MIKE O'HARA

O'HARA: Tabor navigating the ups and downs of a rookie cornerback

Posted Aug 11, 2017

Burned in one instant, recovering an instant later on the same play, rookie Teez Tabor showed an example Thursday of the hazards of playing cornerback.

INDIANAPOLIS –In a matter of a few seconds – with a split-second reaction – Teez Tabor gave another example of the continual struggle for cornerbacks to survive trial by fire.

On the first day of two practices against the Indianapolis Colts, the Detroit Lions’ rookie was burned on a deep pattern by Colts receiver T.Y. Hilton for what looked like a big catch. But with a quick reaction, Tabor used his long reach to rip the ball away from Hilton with his right hand.

Burned in one instant, recovering an instant later on the same play, it was an example of the hazards of playing cornerback.

The Lions drafted Tabor in the second round out of Florida despite some questions about his speed. General manager Bob Quinn felt Tabor was worth taking that high after doing extensive study on him in preparation for the draft.

Tabor admits to having some ups and downs in training camp, and he does not shy away from talking about them.

“It’s the camp grind,” Tabor told reporters after Thursday’s practice. “I’ve had my fair share of struggles. I’m just trying to keep pushing.

“I know it comes with the territory. Young cornerbacks are just like young quarterbacks. Being real young, youngest in the game – 21 years old and doing it with guys who’ve been doing it a long time, it’s going to come with some growing pains.

“These guys have been doing it since I was a little kid.”

It was a coincidence that Hilton is one of Tabor’s favorite players. Hilton played at Florida International and has developed into an explosive threat in his five seasons with the Colts.

“I grew up watching him,” Tabor said. “He’s one of the best receivers, and actually one my favorite receivers growing up. He was so fast  ... he was burning fast.”

The throw to Hilton was a case of a veteran working on a rookie. Tabor was in combination coverage with veteran free safety Glover Quin, and he bit on a pump fake that let Hilton get a step on him.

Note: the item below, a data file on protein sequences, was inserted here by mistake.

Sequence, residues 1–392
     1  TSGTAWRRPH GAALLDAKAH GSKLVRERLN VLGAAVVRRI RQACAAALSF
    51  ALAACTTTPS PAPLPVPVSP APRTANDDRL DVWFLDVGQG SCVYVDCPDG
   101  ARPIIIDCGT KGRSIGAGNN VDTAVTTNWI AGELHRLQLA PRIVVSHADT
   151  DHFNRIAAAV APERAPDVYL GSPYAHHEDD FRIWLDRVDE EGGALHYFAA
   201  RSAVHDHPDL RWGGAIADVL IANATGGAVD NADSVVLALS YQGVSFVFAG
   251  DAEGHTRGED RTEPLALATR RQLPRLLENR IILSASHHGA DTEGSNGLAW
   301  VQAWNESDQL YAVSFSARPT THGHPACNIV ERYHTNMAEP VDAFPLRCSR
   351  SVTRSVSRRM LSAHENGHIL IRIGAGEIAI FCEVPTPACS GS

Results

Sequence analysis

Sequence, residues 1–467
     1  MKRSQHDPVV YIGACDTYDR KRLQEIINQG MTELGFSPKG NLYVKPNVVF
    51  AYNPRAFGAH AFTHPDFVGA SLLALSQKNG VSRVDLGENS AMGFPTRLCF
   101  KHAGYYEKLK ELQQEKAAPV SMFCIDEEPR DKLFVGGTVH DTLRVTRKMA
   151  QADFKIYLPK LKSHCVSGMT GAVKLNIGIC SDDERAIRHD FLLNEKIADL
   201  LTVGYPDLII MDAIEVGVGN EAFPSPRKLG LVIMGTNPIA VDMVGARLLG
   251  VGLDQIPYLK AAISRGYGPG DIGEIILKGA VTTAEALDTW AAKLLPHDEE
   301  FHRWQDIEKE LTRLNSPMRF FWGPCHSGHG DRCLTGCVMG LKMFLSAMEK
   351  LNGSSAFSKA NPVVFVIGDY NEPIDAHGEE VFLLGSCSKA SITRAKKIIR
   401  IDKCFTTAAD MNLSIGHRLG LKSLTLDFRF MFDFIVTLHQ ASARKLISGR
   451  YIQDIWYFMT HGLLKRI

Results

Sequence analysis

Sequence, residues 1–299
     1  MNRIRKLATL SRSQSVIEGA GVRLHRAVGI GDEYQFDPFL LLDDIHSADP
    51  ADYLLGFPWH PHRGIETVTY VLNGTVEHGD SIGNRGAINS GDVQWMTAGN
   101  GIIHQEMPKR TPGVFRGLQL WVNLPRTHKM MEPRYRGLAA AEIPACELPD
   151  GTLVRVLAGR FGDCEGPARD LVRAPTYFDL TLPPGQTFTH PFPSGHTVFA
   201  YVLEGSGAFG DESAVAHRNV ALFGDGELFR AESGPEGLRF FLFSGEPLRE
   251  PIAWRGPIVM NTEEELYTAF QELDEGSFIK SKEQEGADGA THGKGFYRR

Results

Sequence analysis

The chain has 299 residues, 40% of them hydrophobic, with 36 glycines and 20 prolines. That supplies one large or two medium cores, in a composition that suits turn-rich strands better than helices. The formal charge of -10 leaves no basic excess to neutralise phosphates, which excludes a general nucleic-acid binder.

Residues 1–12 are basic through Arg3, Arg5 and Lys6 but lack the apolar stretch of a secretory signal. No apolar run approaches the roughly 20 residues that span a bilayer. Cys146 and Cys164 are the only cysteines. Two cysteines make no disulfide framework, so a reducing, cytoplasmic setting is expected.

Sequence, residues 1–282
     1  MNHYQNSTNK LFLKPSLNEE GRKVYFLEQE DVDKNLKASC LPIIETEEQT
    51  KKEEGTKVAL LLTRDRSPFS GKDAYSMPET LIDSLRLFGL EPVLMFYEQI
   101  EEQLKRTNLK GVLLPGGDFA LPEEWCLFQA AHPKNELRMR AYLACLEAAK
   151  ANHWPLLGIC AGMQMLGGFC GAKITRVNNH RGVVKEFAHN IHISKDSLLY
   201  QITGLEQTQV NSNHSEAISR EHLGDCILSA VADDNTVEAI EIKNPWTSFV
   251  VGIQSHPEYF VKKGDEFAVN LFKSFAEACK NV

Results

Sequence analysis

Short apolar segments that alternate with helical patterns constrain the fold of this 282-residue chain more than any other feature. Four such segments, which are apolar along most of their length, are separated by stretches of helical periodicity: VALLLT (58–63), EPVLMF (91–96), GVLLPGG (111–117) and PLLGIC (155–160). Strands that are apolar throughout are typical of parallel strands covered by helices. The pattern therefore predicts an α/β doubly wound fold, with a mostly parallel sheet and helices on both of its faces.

“That was definitely on me,” said Tabor, taking full blame. “I just didn’t squeeze him enough. He was wide open. That’s my fault. GQ is supposed to play under. I was over the top. GQ was under – but I wasn’t over the top.”

But Tabor did not give up on the play. Hilton had taken one stride with possession of the ball when Tabor got his hand in to strip the ball away. In a real game, there might have been a replay review and potentially a turnover.

Regardless, it was a sign of Tabor’s competitive instinct that he did not give up the play. He even joked when he was asked if he used his “catch-up speed” to make the play.

“I don’t know if it’s more catch-up speed -- or scared to get beat deep,” Tabor said. “It’s just a ‘want to.’  When the guy catches the ball and you’re still right there, you can still make a play. That’s just the fight I have in me.

“I’ve been playing ball since I was in high school, little league, college. When the guy’s right there, you’ve got to fight. That’s all I try to do.”

Creating turnovers is something all teams preach. It was a weakness for the Lions last year. They had only 10 interceptions. Only six teams had fewer.

“The coaches emphasize it a lot,” Tabor said. “Turnovers are one of the key stats in football. You win the turnover battle, you win the game. Football’s about possessions. When you take away possessions and give them to your offense, that’s plus two. You’re taking it away and giving it to your offense.

“When we get our hands on the ball, we try to make it count.”